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Q: If we haven’t been married long, can we just get an annulment?

A: Annulment is not a matter of how recently you were married. The ground for annulment is that there is a cause that “constitutes an impediment rendering the marriage void” (ARS §25-301). 


Q: What is required to get a divorce?

A: You may need a lawyer to file for divorce (called a “Petition for Dissolution” in Arizona). If you decide to file without a lawyer, you must complete the necessary forms and understand the applicable laws and court procedures. A judge will consider and rule on all issues such as the division of property (ARS §25-318), spousal maintenance (ARS §25-319), child support (ARS §25-320), legal decision-making and parenting time (ARS §25403). Forms may be available at your County Courthouse or law library (see appendix).


Q: What are the grounds for a divorce?

A: The ground for dissolution of marriage in Arizona is that the marriage is irretrievably broken and that there is no reasonable prospect of reconciliation (ARS §25-316).


Q: Can I just let my ex-spouse take care of the kids?

A: During a marriage, after a divorce or legal separation, and even if the parents are unmarried, both have an obligation to provide for the support of all minor children (ARS §25-501). Either spouse or parent may be held liable for necessities furnished to the other or to minor children. The state, a parent, or a guardian may file a request to establish child support (ARS §25-502). An income assignment can be obtained that will automatically deduct the amount from your paycheck (ARS §§25-504, 505).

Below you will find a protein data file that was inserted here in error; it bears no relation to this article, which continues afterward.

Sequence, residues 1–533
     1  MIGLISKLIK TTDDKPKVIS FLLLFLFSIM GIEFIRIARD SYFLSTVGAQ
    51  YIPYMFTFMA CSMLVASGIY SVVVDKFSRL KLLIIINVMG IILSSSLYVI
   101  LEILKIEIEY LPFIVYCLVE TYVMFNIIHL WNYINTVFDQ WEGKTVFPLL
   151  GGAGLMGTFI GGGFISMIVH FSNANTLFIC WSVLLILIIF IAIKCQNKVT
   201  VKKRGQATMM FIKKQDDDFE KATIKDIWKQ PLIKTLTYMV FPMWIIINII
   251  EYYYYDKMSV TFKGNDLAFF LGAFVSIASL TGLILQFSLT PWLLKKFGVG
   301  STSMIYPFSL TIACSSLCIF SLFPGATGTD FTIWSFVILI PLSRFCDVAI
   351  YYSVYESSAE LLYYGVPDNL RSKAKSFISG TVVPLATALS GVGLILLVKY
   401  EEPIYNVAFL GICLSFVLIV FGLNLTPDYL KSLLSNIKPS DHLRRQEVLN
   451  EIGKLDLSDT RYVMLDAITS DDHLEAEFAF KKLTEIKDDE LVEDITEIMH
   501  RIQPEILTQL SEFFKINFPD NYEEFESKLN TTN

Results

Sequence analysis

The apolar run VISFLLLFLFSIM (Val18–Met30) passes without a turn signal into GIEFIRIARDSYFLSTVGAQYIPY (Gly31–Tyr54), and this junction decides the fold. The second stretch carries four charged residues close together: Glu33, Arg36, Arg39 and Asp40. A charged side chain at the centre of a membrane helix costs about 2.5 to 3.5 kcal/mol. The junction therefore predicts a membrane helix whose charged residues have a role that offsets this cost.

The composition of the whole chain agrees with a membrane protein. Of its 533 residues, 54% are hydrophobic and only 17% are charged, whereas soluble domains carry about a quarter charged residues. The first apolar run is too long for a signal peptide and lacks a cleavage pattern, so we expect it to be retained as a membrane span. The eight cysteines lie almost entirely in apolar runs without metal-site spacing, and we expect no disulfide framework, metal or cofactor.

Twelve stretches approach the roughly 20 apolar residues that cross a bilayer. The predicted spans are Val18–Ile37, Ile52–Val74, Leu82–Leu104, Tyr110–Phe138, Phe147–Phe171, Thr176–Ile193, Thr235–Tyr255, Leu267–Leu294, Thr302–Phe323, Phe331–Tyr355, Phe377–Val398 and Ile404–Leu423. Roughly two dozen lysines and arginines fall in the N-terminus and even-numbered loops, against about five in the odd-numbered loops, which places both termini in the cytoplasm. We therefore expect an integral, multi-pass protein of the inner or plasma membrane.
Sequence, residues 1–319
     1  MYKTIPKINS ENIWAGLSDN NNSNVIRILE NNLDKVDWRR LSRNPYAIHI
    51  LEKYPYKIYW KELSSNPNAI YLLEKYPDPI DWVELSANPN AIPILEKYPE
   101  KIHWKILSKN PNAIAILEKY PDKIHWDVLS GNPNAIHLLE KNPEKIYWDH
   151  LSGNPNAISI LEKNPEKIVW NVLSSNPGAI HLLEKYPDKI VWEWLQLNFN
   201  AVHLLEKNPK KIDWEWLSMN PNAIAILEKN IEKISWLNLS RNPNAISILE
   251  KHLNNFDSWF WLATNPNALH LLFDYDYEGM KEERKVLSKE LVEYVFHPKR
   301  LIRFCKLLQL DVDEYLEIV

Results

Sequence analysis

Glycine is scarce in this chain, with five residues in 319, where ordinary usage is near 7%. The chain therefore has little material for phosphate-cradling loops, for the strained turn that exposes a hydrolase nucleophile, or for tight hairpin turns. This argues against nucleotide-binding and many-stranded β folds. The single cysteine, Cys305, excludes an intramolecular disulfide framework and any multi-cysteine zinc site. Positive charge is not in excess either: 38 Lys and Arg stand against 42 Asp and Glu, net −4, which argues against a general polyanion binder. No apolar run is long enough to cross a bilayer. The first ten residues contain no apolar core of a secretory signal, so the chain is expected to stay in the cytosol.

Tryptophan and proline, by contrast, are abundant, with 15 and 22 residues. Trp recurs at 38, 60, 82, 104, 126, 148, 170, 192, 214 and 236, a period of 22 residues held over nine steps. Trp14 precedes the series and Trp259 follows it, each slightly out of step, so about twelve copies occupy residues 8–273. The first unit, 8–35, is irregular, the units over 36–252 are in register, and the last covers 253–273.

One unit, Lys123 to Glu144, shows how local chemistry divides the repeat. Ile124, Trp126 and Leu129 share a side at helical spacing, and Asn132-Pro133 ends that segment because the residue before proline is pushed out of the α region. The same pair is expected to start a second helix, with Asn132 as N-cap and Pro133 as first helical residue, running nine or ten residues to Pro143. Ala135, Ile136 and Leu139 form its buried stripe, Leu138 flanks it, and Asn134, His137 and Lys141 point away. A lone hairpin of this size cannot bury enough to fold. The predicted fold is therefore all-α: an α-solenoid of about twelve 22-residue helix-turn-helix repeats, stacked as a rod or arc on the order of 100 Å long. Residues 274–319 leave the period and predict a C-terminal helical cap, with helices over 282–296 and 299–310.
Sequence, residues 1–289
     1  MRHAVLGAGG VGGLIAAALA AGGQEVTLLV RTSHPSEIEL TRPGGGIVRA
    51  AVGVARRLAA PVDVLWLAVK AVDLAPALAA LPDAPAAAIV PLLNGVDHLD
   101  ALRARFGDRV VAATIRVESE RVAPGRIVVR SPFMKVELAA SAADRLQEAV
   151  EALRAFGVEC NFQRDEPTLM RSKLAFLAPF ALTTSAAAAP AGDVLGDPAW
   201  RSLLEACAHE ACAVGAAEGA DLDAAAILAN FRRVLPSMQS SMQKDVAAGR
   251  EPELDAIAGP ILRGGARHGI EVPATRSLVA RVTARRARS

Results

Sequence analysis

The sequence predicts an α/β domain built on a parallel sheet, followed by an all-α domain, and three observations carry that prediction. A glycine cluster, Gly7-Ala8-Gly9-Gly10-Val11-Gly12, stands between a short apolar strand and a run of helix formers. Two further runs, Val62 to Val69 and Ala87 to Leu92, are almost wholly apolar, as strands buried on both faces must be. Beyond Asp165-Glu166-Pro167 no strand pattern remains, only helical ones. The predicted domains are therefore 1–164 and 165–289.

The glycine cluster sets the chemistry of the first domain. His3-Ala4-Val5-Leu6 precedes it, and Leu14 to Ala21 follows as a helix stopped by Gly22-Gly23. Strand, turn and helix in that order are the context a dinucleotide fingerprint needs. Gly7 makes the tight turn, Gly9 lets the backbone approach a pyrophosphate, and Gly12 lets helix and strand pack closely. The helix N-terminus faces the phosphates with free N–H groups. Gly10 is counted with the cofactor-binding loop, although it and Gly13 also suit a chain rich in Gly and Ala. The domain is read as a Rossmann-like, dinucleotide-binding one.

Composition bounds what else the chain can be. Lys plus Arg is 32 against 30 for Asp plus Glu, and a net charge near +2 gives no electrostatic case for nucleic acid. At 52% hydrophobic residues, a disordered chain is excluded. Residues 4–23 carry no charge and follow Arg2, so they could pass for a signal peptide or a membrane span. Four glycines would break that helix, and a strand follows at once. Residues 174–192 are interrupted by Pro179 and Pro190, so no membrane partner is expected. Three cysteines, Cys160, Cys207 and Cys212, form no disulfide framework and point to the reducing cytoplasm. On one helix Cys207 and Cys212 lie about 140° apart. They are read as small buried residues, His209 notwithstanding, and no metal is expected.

Q: What if I am not sure the child is mine?

A: An action to determine paternity can be started by the mother, the potential father, a guardian or conservator of the child, or the state. Paternity actions receive priority over other cases. Blood tests can be required by either party or at the court’s request. If the question isn’t settled, a trial will be held to determine paternity (ARS §§25-801-817).


Q: If I’m the parent, then I’ve got my rights...

A: Yes, but they are not absolute.  In a proceeding for dissolution of marriage, a court will determine custody according to the best interests of the child, which may sometimes be sole custody with one parent (ARS § 25-403.01). The court will also order parenting time to the non-custodial parent unless visitation would seriously endanger the child’s physical, mental, moral or emotional health (ARS §25-408).  

With any custody order the court will determine an amount of child support. Even with joint custody, there is still a responsibility of either parent to provide for the support of the child (ARS §25-403.09).

According to ARS §8-533, parental rights can also be terminated by the court when:

  • The parent has abandoned the child.
  • The parent has neglected or willfully abused a child.
  • The parent is unable to carry out parental responsibilities because of mental illness, mental deficiency or a history of chronic abuse of drugs or alcohol.
  • The parent is deprived of civil liberties due to the conviction of certain felonies.
  • A potential father has failed to file a paternity claim or action in certain circumstances. 


Laws may have changed since the last time this article was updated.  The current and most up-to-date laws can be accessed here.